Welcome to 30 Adoption Portraits in 30 Days, hosted by Portrait of an Adoption. This series will feature guest posts by people with widely varying adoption experiences and perspectives.
I Decided That I Owed It to My Baby to Make Something of Myself
I was the quiet one in our family. I did my schoolwork and went to church and mostly kept to myself. My parents told me how they were so proud of me when I got into a four-year college. They called both my grandmothers to tell them about my accomplishment and we all went to a restaurant to celebrate.
It was the first time I can remember where I was the center of attention. My older sister was popular in high school being a cheerleader and on dance team. Now she was working as a housekeeper at a local hotel. I was the first in our family to go to college. My dad would talk your ear off about how I was going to get a good job and have a grand house and a fancy car one day.
I did all right in college and got mostly A’s and B’s and some C’s, but I also liked going out. I had grown up in a small town and it was a fun thing to be on a college campus with all the new people. I made friends and we went out partying every weekend. We drank and danced at the frat parties and all that typical stuff.
I came out of my shell and it was rewarding at first. But then I started to drink a little too much and some nights were a little hazy about who I was with or what was happening. There were a few times when a boy would get aggressive. I didn’t know a lot about how to handle situations like that.
What I didn’t expect was that I would get pregnant. I thought I had the stomach flu in the winter, and it kept not getting better. I kept getting sick specifically in my sociology class and I thought maybe I just didn’t like the class but then I got worried about it being morning sickness and I bought one of those pregnancy tests.
I almost fell over when I saw it was positive. I didn’t even know for sure who the father was and I was too scared to tell anyone. Some of the guys I’d met at parties, I had no way of finding again. I couldn’t tell my parents. I was so scared and for a few months, I just kept pretending it wasn’t happening and hoped for a miscarriage. But my stomach started to grow and the pregnancy stuck.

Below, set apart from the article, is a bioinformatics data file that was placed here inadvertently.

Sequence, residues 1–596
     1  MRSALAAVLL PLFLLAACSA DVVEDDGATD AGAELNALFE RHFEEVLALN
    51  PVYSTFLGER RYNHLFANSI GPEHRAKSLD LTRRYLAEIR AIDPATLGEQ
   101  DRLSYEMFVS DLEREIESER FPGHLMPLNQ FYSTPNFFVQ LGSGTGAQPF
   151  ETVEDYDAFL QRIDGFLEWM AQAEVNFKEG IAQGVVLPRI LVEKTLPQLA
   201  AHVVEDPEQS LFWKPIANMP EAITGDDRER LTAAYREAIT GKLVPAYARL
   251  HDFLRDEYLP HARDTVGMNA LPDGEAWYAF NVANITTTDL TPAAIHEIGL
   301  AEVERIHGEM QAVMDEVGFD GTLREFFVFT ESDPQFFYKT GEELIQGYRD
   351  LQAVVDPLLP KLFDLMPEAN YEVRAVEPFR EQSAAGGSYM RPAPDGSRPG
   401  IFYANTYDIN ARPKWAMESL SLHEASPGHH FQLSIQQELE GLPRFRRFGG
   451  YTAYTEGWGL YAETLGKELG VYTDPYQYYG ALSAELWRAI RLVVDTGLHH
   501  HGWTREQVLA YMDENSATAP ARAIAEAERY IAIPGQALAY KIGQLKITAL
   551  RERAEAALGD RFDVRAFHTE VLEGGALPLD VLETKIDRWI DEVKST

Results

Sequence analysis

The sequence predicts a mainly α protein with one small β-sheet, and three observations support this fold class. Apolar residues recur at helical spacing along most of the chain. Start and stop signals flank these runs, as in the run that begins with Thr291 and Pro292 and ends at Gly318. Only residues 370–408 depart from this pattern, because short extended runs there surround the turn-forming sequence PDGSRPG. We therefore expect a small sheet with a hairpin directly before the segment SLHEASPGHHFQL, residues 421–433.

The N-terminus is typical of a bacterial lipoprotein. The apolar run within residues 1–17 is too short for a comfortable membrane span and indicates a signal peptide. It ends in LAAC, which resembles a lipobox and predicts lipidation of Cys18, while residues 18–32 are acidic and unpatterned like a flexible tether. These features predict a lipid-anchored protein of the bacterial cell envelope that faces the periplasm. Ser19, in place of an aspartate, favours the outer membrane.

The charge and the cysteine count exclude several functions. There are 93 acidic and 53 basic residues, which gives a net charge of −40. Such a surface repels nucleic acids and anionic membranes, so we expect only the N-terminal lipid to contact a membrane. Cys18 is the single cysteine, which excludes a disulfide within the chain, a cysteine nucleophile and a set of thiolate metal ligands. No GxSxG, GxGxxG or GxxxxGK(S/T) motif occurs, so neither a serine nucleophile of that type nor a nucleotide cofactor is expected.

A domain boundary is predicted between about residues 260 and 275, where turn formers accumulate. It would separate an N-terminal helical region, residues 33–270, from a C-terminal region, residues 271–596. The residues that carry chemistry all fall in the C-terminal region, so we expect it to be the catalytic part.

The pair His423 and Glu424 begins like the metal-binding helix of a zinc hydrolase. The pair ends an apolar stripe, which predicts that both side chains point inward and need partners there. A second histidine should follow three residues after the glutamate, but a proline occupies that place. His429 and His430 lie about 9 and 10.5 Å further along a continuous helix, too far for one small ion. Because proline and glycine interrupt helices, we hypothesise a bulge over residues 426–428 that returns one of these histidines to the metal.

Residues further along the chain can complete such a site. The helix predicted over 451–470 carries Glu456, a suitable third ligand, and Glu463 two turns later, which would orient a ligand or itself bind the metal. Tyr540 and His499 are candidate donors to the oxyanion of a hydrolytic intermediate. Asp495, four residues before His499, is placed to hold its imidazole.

Growing up we went to church every Sunday and I had it drilled into me that abortion was wrong. But I also couldn’t let my family down by dropping out of college to have a baby. I was nineteen. I know I wasn’t ready to be a mother. I had no way of convincing the baby’s father to help me.
The shame overpowered me. I cried into my pillow at night and my roommate kept asking why I didn’t want to go to parties anymore. I stayed in because knew I shouldn’t drink when I was pregnant and I cared about my baby. I wanted the baby to have a healthy start, so I took vitamins too. I just couldn’t go make myself to a doctor.
All my life it’s been hard that I’m overweight. My sister was a cheerleader and looked perfect in her clothes. But now being tall and bulky worked out for me because I just kept wearing big sweatshirts and it was cold enough out that everyone was wearing layers and no one really noticed my stomach growing.
After the baby started kicking I knew I couldn’t keep pretending it wasn’t happening. The scariest day of my life was when I called the adoption agency. This was before the Internet. I saw an ad in the paper and called the number. My hands shook something fierce when I dialed. I almost hung up.
I’ve tried to block out most of what happened next. I remember telling my parents that I couldn’t come home for spring break because I was going on a road trip with friends. I told my roommate I was going home early for spring break and staying a few extra days.
I was alone except for the nurses when I had my baby. He was perfect with long black eyelashes and he gripped my finger with his little hand. I held him and kissed him to give him a lifetime of love. I told him he would be going to a family that would love him and take care of him. He was the most beautiful thing I had ever seen. I told the social worker from the adoption agency to ask the baby’s family to send me just one picture of him when he was a year old so I could see that he was okay. I would be at college still so I gave them my address.